Architecture and design patterns: Analyzes whether the code adheres to the design patterns and architectural principles used in the project. This aspect includes verifying that the code follows standard design rules for classes, modules and layers.

In a code review, various aspects of the code are usually examined to ensure its quality and correctness.

Readability: Measures how easy the code is to read and understand by other developers. This aspect includes important factors such as the use of understandable variables, correct and descriptive function names, and commenting out the less understandable parts of the code.

Coding style and conventions: Checks that the code follows the specified coding conventions and styles that are defined for the project or programming language. This aspect includes code formatting, the use of spaces, indentation, and so on.

Testing: Examines whether the code has been properly tested and whether tests have been written that cover all critical aspects of its functionality. This point also includes checking whether the new code hasn’t broken existing tests and whether it adds new testing scenarios.

Documentation: Assesses whether the code is adequately documented to make it easy to understand and use by other developers. This item includes code comments, documentation of the new API, and user guides.

Types of code review

Let’s now look at the various types of code checks used in companies.

In person (or by screen sharing via MS Teams)

This method is quite easy and convenient for most developers, and the developer gets feedback quite quickly. When your code is ready, you find an experienced teammate, make an appointment, and go through the code you’d like to commit to the repository together, in person or online. This type of code review is suitable for smaller changes, as the reviewer has less time to look at the code in peace.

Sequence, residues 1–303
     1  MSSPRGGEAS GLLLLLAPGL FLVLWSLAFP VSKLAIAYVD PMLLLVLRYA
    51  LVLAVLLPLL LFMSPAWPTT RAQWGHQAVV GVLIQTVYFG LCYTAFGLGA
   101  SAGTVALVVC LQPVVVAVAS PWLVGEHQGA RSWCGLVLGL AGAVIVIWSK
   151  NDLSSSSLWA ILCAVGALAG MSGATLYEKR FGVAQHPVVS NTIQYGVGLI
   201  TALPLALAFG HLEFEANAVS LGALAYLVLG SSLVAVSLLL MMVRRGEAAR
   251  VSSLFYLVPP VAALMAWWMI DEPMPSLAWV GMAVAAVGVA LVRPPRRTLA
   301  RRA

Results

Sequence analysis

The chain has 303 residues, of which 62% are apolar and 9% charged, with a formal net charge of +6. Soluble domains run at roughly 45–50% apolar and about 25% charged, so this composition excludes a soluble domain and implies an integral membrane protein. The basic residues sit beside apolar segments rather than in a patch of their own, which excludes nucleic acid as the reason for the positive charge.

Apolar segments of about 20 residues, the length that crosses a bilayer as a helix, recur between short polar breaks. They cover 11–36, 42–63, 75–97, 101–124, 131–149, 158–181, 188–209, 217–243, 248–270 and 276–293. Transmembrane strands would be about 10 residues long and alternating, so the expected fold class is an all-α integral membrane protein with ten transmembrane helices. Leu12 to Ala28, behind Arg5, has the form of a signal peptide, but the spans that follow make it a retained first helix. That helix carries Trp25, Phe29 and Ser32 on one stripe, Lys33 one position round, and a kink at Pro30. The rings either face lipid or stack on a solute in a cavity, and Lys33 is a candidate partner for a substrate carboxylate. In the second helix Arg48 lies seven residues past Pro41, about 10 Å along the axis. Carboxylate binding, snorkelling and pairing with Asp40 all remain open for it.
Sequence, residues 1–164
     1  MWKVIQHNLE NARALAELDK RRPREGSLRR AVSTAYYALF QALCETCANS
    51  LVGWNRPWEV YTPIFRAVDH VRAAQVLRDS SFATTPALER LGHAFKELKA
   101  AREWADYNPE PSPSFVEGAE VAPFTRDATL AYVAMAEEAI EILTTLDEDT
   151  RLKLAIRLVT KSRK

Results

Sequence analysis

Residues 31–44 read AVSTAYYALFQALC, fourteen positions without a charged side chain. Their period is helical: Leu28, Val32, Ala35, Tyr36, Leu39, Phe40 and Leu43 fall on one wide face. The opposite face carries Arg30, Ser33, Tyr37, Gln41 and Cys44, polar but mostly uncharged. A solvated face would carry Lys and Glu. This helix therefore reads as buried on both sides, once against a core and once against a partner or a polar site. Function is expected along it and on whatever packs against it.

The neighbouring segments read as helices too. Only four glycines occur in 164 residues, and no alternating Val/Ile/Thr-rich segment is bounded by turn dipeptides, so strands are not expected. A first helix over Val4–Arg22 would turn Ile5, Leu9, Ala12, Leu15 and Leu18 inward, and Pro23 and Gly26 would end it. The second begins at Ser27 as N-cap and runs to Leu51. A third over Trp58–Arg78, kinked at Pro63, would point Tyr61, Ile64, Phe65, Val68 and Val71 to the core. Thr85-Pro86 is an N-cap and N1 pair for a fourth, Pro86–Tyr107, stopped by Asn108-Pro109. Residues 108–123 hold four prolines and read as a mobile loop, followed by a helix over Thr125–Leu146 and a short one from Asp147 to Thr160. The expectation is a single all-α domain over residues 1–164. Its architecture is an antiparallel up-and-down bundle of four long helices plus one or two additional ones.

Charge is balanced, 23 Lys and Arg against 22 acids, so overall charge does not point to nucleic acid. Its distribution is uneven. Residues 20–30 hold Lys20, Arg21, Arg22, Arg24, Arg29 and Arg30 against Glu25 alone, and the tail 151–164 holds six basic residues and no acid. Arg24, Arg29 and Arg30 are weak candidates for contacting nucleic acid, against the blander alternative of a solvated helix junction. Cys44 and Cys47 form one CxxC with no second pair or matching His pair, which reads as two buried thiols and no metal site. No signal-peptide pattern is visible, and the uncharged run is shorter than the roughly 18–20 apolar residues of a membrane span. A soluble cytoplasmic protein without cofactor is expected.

E-mail thread

It solves the problem of finding a deadline for code review. Once a given piece of code is ready for review, the file (or a hyperlink to it) is emailed to the appropriate colleague(s) so that everyone can view it as soon as their work schedule allows. While this approach can certainly be more flexible and adaptable than more traditional techniques, such as a meeting of people focused on code review, an email thread with suggestions and differing opinions on how to fix code can quickly become bloated and it may not be obvious what has been fixed and what hasn’t yet been fixed.

Pair programming

Pair programming is an approach to software development where (most commonly) two developers work together on the same code, collaborating and mutually reviewing each other’s work. It’s a good way for senior developers to mentor younger colleagues and incorporate code review directly into the programming process. However, this code review approach loses the objectivity and unbiased approach of looking at and reviewing your own code. The biggest disadvantage, however, is the higher consumption of resources (especially staff and time) compared to other methods.